Secret decisions by Dell, Frazier harm government What...


July 30, 2000

Secret decisions by Dell, Frazier harm government

What is happening to Carroll County government?

Carroll County taxpayers may never know why Director of Public Works J. Michael Evans was forced to resign. There are rumors, but Commissioners Donald I. Dell and Robin Bartlett Frazier felt that the public and Commissioner Julia Walsh Gouge did not need, or have a right, to know.

Despite this secrecy, it is obvious that effective county government is being undermined, and it will take a long time to restore it.

The uproar created by the Evans case is not an isolated incident. In January 1999, the commissioners decided to reorganize county government. All the department chiefs were forced to submit their resignations.

These events made big headlines for several weeks. Yet what is even more important is the long-term impact the commissioners' actions will have on the county.

The Department of Planning is a prime example of the commissioners' efforts to reduce government to the point where it is no longer capable of operating for the benefit and protection of taxpaying residents.

After the planning director resigned, they eliminated the deputy director's job. They also failed to fill two positions for planners -- one for South Carroll and one for Westminster/Finksburg. One post has been vacant for more than 18 months.

The commissioners also did not replace the two transportation planners they let go or the historic planner (and his salary was paid for by a grant, not by county taxpayers).

Without transportation planners, the county's ability to access developer plans independently has been compromised.

Other positions related to land-use have also been affected. The positions of zoning administrator and zoning inspector remain unfilled. The commissioners have not been in a hurry to hire anyone to fill these positions.

Now they have, without any obvious cause, fired the director of the largest department while he was working on a number of complex projects. Who is next?

Commissioners Dell and Frazier do not appear to have any long-term vision of what is best for Carroll County and its residents -- except that less government is better, despite the fact that this stance will probably cost us more in the future.

The commissioners, who are supposed to be part-time officials, seem bent on micromanaging every aspect of county government. Yet they have succeeded in seriously weakening local government's ability to properly fulfill its duties, especially in the areas of planning, regulating growth and development, and the environment.

Unfortunately, the next set of commissioners will have to spend a lot of time and money repairing the damage done by the current board to the county government and county employees' morale.

Other problems that are a result of their term in office may be more difficult to resolve.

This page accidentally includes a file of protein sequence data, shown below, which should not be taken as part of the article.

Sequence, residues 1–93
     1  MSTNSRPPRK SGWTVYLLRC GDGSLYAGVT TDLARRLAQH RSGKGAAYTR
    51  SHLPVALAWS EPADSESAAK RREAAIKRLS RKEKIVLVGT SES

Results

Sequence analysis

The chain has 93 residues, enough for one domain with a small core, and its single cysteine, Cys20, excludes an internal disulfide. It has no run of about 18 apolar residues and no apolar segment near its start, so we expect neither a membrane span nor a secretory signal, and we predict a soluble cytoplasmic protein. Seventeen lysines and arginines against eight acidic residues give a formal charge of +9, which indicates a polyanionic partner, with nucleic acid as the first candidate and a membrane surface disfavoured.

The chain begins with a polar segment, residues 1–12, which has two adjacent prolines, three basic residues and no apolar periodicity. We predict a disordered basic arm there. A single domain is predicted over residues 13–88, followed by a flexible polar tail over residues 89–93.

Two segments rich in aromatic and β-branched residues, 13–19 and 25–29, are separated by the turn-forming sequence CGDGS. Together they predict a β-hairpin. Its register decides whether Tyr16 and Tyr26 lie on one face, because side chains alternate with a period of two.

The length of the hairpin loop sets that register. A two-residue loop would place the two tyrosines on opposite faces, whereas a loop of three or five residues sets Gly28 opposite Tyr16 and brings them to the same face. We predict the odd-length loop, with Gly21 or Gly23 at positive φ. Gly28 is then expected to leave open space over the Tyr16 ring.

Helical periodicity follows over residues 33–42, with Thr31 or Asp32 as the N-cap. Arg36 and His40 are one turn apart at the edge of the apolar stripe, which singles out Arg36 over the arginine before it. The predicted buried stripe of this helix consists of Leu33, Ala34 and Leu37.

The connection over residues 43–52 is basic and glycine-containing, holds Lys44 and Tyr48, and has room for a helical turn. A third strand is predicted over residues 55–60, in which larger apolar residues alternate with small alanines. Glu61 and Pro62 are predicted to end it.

Tom McCarron


The writer is chair of the Carroll County Democratic Central Committee.

Piney Run too fragile for use as water supply

Opposed to the use of Piney Run Lake as a water supply for the Sykesville-Eldersburg area? Most emphatically!

Because it may disrupt the use of the lake as a recreational facility? No, that would be too frivolous a reason to even consider. Providing recreational facilities is not a governmental function or responsibility, nor should it be.

The Piney Run Lake is by far too fragile to reasonably consider its use as a major water supply and, considering the 1993 mercury spill at the lake, may not be the safest source for public water.

While Piney Run Park consists of approximately 300 acres, one must realize that the park consists of woods, nature trails and picnic facilities as well as the water areas. The two tiny streams that feed Piney Run Lake cannot possibly provide enough water to become a major water supply. Our lovely lake could soon become Piney Run Mud Flats.

Is this simply another ploy, regarding the scarcity of public water in the area, to placate the very angry citizens? Wasting millions of hard-earned taxpayers' dollars will not resolve or relieve the present water and sewer problem.

If the various Boards of Carroll County Commissioners had complied with the Adequate Facilities Law in the state code, instead of trying to circumvent it, we would not be in this predicament.

Basically, the Carroll County Adequate Facilities Concurrency Management ordinance (approved March 5, 1998) states that although the state mandates adequate facilities in order to issue building permits, the Carroll County commissioners will issue whatever building permits they desire, whenever they desire, whether or not the county is in compliance with state law.

In essence, those commissioners thumbed their collective noses at the state and at the best interests of Carroll County citizens. This arrogance will cost county citizens dearly.

Abigail N. Ormale


Stamp of disapproval for Union Bridge story

Baltimore Sun Articles
Please note the green-lined linked article text has been applied commercially without any involvement from our newsroom editors, reporters or any other editorial staff.